Homeowners are faced with several options when it comes to performing paint removal the right way. There are guidelines you can follow that will help to determine the amount of paint that needs to be removed that will make the job quicker, as well as much easier too.
1.) Figure out what material is under the paint
If you have drywall sitting under the paint, for example, the last thing you’ll want to use is a toxic paint remover made out of harsh chemicals. All this will do is destroy the drywall. Instead, grab some sandpaper or an electric sander and go at it the manual way, being careful not to push too hard. On the other hand, if you’re removing paint from crown molding or baseboards, then you should resort to using the chemicals because the sander will change the lines and shape of the molding.
2.) Clean up the surface paint
Clean the surface paint with some sort of degreasing agent, such as liquid dish soap or 409 cleaner. Rinse away the detergent or cleaner with water and let it air dry for a day.
3.) Use edging tape
You’ll next want to take painter’s tape and tape the edges off where you’ll be sanding or spraying, thus keeping away from areas that you don’t want to change.
4.) Chemical paint removal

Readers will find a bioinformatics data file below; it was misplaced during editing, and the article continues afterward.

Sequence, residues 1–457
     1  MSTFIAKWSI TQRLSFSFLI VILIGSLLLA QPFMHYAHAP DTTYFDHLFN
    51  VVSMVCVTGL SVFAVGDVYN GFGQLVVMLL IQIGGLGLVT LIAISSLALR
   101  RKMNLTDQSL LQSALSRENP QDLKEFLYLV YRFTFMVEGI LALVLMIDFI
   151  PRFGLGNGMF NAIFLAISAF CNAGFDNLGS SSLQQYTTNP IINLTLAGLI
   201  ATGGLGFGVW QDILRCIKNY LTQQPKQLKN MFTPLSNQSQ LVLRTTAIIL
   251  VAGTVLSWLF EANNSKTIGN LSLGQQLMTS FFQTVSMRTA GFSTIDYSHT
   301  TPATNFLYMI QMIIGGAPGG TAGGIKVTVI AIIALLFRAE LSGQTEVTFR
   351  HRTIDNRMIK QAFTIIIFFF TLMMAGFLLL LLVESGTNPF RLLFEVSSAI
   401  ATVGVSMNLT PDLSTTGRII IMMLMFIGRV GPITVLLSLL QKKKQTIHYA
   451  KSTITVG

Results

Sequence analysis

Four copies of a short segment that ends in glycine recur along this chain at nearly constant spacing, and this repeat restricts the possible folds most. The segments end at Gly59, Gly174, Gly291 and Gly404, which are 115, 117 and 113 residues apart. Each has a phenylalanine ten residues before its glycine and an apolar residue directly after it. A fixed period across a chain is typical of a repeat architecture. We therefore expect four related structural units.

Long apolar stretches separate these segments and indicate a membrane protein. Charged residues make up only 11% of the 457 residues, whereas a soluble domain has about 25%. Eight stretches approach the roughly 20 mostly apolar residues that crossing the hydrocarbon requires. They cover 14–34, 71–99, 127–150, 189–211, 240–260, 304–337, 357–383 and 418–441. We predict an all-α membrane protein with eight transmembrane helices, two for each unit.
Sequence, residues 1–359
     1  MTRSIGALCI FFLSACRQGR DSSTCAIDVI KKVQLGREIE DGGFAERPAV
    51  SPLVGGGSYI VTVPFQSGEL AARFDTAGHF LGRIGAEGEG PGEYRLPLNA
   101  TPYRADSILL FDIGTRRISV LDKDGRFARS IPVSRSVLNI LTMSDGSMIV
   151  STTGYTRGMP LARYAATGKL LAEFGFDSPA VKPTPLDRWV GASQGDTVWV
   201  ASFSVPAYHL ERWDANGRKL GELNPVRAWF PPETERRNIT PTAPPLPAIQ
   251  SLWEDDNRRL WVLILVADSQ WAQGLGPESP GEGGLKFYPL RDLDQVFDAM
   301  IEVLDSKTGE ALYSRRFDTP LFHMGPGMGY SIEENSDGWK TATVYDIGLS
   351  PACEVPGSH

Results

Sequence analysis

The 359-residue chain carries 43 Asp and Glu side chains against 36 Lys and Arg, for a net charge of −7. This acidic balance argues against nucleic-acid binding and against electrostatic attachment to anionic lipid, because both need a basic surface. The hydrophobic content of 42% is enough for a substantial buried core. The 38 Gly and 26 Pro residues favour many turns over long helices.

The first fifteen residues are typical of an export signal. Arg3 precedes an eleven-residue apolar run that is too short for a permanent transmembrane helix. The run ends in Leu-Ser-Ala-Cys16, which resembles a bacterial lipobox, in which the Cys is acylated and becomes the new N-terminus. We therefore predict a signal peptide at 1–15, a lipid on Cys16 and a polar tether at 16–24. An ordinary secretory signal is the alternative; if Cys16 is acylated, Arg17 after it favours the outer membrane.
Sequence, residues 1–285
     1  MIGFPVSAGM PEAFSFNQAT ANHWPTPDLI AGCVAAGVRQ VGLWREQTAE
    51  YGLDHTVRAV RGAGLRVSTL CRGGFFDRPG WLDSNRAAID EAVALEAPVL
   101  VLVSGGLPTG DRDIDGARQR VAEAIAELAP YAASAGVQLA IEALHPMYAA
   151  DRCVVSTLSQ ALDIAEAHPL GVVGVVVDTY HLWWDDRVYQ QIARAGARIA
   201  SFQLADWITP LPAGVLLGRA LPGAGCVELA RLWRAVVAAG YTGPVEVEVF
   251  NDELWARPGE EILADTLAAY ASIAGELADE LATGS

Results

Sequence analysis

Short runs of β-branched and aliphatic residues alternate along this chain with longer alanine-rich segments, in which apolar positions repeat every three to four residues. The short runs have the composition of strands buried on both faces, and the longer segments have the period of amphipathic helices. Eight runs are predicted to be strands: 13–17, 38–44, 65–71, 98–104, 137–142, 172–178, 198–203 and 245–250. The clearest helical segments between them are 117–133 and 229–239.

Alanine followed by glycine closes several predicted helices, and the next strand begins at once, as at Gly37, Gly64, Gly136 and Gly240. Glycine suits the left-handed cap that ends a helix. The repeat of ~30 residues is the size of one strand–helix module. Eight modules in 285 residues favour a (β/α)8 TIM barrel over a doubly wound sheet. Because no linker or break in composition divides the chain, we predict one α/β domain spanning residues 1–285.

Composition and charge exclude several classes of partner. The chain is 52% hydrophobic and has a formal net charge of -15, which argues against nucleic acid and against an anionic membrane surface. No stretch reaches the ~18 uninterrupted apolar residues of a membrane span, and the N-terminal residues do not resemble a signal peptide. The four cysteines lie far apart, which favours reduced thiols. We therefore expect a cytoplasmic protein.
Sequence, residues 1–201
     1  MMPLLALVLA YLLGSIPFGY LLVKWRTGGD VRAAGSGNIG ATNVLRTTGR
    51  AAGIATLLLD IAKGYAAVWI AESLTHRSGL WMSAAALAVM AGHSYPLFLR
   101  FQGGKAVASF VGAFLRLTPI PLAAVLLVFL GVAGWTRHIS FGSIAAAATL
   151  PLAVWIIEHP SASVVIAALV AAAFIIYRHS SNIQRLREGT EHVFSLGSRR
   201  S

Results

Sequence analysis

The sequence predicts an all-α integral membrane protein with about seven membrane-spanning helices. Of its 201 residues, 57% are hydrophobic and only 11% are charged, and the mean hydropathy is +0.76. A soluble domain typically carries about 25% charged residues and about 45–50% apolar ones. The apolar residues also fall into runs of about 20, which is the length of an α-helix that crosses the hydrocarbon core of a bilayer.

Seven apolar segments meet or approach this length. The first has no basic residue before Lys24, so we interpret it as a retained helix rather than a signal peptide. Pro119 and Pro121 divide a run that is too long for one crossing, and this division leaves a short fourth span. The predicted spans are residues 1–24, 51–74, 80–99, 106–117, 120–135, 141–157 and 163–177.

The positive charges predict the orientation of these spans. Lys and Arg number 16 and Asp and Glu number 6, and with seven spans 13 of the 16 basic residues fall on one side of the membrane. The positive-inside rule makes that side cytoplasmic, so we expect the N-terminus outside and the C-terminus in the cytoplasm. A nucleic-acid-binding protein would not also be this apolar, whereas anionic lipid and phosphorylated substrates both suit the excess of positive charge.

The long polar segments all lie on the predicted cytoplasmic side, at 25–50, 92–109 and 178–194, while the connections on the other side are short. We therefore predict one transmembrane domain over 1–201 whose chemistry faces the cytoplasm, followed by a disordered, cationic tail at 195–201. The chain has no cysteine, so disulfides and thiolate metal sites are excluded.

There are several paint removers that we recommend, all of which are environmentally friendly, so don’t think you have to use something that’s toxic. Simply perform a quick Google search for such a product. Once you have it in hand, spray it onto the surfaces that you want to remove paint from and let it sit for a half hour. Once the time has passed, grab some old rags and wipe it up. Any paint that wasn’t dissolved by the paint remover should be scraped off with a putty knife. Try not to let anything get in your eyes.
5.) Get your home ready for sanding
Remove any valuables from the walls, and get the furniture out. Use Visqueen on doorways so molecules don’t get transferred from room to room.
We suggest renting an electric sander from a hardware store or equipment rental facility. Start with a pretty coarse sandpaper. After you’re done sanding, sweep up or wipe down the sanded surfaces so you can see how well it worked. Then, go over these same surfaces again with a less coarse sandpaper, and repeat. This should take off all the paint pretty easily. Lastly, use a super-fine grit paper to smooth out and polish the sanded surfaces so they’re ready for the new paint.
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